Publisher: Faber & Faber
Publication Date: 7th November 2019
When I first started getting into short story collections at the end of last year, Sarah Hall’s Madame Zero was one of the first collections I remember picking up and really enjoying, and one particular story in the collection, Mrs Fox is one that always sticks in my mind.
When I saw that she had a new collection coming out I knew I had to try and get my hands on it, and get my hands on it I did (with huge thanks to Lauren Nicoll and Faber!).
Sudden Traveler – Sarah Hall:
The seven stories of Sudden Traveler immerse us anew in one of the most distinctive literary imaginations. In Turkish forests or rain-drenched Cumbrian villages, characters walk, drive, dream and fly, trying to reconcile themselves with their journey through life and death. A woman fitted with life-changing technology returns to the site of her strongest memories; a man repatriated in the near east hears the name of an old love called and must unpack history’s suitcase; and from the new world-waves of female anger and resistance, a mythical creature evolves.
Radical, charged with a transformative creative power, each of these stories opens channels in the human mind and spirit, as Sarah Hall once more invites the reader to stand at the very edge of our possible selves.
I had very high expectations on picking up this collection having loved Madame Zero so much and whilst I did enjoy the majority of the stories in this brief collection, I think Madame Zero is the stronger of the two.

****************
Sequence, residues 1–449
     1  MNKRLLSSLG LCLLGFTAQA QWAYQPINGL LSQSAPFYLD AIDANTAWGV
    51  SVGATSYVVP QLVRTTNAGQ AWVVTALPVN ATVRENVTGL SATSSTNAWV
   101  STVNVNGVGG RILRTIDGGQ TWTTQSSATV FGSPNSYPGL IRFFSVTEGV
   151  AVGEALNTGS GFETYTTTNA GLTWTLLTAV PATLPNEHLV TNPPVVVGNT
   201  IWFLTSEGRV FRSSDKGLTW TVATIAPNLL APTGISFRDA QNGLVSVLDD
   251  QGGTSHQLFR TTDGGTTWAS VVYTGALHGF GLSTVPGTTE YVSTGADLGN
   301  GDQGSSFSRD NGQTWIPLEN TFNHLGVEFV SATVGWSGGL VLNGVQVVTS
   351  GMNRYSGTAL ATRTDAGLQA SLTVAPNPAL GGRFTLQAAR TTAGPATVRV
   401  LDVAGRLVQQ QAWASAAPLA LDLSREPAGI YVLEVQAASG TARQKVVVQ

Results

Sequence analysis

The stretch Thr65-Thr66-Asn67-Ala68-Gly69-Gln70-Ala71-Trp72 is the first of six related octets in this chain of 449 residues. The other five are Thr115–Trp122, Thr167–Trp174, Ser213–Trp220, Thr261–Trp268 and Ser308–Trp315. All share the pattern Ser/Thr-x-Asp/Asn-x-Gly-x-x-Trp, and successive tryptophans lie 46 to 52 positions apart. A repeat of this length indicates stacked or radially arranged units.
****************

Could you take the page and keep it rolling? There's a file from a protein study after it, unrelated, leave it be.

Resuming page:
It has been a couple of days since I finished the collection as I write this review and there are a few of the stories that jump to the forefront of my mind still, however there are also a couple which have paled somewhat for me.
The first story M really lured me in and got my hopes up for the rest of the collection. Any story where a woman morphs into something ‘other’ has become a recent fascination for me and in this visceral tale of revenge over pain a woman is twisted up in agony night after night as darkness falls. When she begins to transform into another being she takes on the distress of many women and avenges the wrong that has been done to them.
Orton tells the story of a woman who has been fitted with new technology in which she can choose to essentially end her own life. She travels back to the site of some of her most powerful memories of her past linked to one person in particular. The idea that technology like this may one day be a reality gives this story a extra layer of depth and unease.
The Grotesques is another story that stands out in my head as a highly uneasy read. The narrator tells of a uncomfortable dinner party thrown by her overbearing mother. A mother who doesn’t allow her to eat. Prior to the party the narrator has seen the abuse of a local vagrant and this plays on her mind, making her feel anxious and ill at ease. She performs her social duties under the reproachful eye of her mother nonetheless.
There is no doubt that Sarah Hall is an excellent writer. I think she nails the short story format perfectly. I don’t think her writing would be for everybody as her fiction can be a little experimental shall we say. There is more than a hint of the weird and fantastical and whilst in the main I enjoyed the collection, there were times where I had to sit and think ‘what have I just read?’….
This is a very brief collection but by no means an easy read. I expected to whip through it but found I had to pause to reflect between each story and try and decipher what I had read and draw my own conclusions from it.
I am very eager to pick up some of Sarah Hall’s novels and see how she constructs longer works of fiction. Her writing is beautiful and descriptive and really draws you in, even if sometimes you are not really sure what it is exactly that you are being drawn into!
Give Sarah Hall a go and see what you think.
Thank you as always to the publisher for my review copy.
See you all soon.
Amanda – Bookish Chat xxx